Bash: processing filenames with white spaces

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It is often necessary to read a file with bash, and act upon the entire line. There are many different ways to do this, but I’ll outline one of the simpler methods, both suitable for stacking on a single command line.

For this exercise I’ll assume the file is a list of files that we need to execute a command on.

# cat file.lst |while read line; do echo "${line}"; done
/tmp/file1.txt
/tmp/file with space.txt
#

All we’ve managed to do here is cat the file. Alternately we could move the cat to the end of the while loop as follows:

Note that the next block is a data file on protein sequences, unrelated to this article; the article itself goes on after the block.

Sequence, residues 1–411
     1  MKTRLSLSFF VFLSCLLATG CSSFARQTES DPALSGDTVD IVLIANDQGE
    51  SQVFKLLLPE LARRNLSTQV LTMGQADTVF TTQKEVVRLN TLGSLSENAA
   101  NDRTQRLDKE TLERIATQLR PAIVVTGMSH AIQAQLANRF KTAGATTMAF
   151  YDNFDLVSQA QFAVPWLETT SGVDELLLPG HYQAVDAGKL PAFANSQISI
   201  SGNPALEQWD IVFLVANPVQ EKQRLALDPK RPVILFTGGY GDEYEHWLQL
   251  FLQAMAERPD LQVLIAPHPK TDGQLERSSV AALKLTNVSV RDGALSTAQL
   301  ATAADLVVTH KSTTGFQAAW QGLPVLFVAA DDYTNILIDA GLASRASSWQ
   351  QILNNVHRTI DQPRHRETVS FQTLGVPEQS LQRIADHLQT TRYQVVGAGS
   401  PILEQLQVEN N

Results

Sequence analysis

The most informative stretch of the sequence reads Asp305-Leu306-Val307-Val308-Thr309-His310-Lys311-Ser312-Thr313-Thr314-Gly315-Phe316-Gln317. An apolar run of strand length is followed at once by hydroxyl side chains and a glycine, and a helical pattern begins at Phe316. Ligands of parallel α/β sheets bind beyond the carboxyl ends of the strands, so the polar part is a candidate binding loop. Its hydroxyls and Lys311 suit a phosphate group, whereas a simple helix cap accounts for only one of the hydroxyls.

# while read line; do echo "${line}"; done < <(cat file.lst)
/tmp/file1.txt
/tmp/file with space.txt
#

The beauty of this solution lies in the handling of whites paces in a filename, a simple for loop would have broken the filenames in separate tokens.

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